One．If there are flaws such as damaged rim, glaze defects, or broken base in a teapot, they do not actually affect the value of the teapot and instead make the teapot more cost-effective. However, if the damage to the base and rim exceeds half, that is 50%, it greatly affects the appearance of the teapot and has a significant impact on its price.
Two. Glaze damage. Usually, this is caused by long-term adverse effects of tea whisking on the glaze surface during use, while some are caused by friction with rough sand and stones in the buried environment.
If scratches affect the gloss of the glaze or even cause damage to the glaze, they should be treated with caution. Another type of damage is caused by the long-term effects of acidic soil or water on the buried environment, which leads to glaze peeling. This type of damage has a greater impact on the aesthetic appeal of the glaze surface and is more common in old teapots that are newly used. The peeled glaze will fall into the tea soup, affecting the quality of the soup, which is also harmful to health. When selecting such teapots, the ones with peeled glaze should be excluded. Teapot prices vary depending on the artist and the quality of the teapot.
There are two types of teapots with flaws in their construction: uneven rim and crooked shape. Teapots with these two types of flaws are not considered for collection. However, if it is an old teapot that is newly used, the requirements can be relaxed.
Two.Glaze sticking to the bottom:
During the teapot firing process, the dipping glaze technique causes the glaze to be thick and flowable. When it is too thick, the glaze will flow to the bottom of the teapot. Teapot prices vary depending on the artist and the quality of the teapot.
Three. Kiln adhesion:
This is a flaw that virtually all collectors cannot accept. If there is only a small amount of kiln adhesion, it will only affect the local appearance. However, if it causes serious deformation of the teapot or if the rim adheres to the firing support during the firing process, these two types of damage have a greater impact.
Four. Kiln crack:
Light cracks have a local impact, while severe cracks can cause the edge to flip outward.
The impact of this flaw mainly depends on the degree of off-centering, and the degree to which collectors accept it varies from person to person.
Partial unglazing has little impact, as the value of the vase lies mainly in its glazed surface. If there is too much unglazing, it will significantly affect its collectible value. This is reflected in the price of the Jian vase made by Ye Liwang.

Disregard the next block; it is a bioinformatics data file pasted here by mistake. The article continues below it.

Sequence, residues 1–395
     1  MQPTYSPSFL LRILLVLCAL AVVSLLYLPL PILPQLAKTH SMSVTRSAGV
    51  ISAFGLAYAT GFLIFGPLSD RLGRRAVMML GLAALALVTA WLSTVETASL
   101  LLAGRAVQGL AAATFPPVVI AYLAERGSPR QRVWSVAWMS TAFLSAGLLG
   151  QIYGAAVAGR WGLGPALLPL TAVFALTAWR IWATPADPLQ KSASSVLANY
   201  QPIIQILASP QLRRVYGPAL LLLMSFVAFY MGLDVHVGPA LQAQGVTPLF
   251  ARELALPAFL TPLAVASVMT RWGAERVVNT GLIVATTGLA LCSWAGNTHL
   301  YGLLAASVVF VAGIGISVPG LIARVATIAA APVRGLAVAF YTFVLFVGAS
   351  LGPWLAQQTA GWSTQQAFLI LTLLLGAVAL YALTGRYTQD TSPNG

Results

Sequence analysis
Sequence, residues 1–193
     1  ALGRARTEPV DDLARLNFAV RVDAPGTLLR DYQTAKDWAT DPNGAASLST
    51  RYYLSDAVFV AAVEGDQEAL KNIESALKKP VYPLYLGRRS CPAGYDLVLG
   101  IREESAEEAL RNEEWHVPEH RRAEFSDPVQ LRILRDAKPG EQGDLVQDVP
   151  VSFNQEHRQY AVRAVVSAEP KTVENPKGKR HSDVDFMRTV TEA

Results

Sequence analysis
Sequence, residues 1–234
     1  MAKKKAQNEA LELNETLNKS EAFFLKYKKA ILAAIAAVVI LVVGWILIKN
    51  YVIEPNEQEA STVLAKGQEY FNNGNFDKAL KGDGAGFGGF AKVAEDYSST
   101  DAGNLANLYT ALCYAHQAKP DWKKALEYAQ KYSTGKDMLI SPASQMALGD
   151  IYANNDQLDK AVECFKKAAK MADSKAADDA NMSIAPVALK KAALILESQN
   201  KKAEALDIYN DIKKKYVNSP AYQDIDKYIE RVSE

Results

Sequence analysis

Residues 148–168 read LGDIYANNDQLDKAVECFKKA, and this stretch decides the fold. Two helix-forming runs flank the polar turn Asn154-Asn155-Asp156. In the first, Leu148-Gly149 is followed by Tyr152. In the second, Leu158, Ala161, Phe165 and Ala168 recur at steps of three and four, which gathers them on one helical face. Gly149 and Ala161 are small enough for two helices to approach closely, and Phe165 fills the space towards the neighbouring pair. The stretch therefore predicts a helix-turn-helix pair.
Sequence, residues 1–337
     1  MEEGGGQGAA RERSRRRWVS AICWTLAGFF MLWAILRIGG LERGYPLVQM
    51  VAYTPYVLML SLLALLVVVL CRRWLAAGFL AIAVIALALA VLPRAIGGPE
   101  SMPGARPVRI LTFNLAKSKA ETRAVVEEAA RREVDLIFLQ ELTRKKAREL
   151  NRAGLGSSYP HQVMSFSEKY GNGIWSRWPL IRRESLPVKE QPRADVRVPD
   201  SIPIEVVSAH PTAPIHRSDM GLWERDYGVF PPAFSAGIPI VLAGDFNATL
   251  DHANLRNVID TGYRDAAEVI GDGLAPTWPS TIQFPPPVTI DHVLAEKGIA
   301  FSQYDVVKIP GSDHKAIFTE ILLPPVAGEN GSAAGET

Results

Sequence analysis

Seven．Bubbling or blistering:
It is caused by the incomplete cleaning of the vase body during the washing process, or the separation of quartz sand in the body due to high temperature, which causes local impact and results in bubbling or blistering.
Smoke streaks are caused by air that enters the kiln during the firing process of the Jian vase. The damage is significant and the beauty of the glazed surface is greatly affected. However, if an old vase is newly used, it will not affect its practicality and can offer a higher cost-performance ratio.
Nine.Overfiring or underfiring:
Jian vases that have been overfired or underfired are also considered as non-authentic products, although there is no clear definition for this. It simply refers to whether the firing process was done correctly or not. If done correctly, it is considered an authentic product, but if not, it is considered non-authentic. Non-authentic products may have a special glazed surface due to the firing process not being done correctly, but they are still collected as an alternative type of Jian vase.
In the field of collecting Jian vases, the main considerations are artistic value and aesthetic appeal. Everyone has their own definition and perception of beauty, and they tend to overlook its historical significance. The historical significance includes the aesthetic appeal and reputation of Jian vases, which is why collectors generally choose vases from famous kilns.
Summary of experience.
When collecting Jian vases, one should observe the impact of flaws on the shape (external factors) and glaze (internal factors) of the object, as well as their impact on the cost-performance ratio.
By observing and comparing more, one can naturally develop their own set of experiences.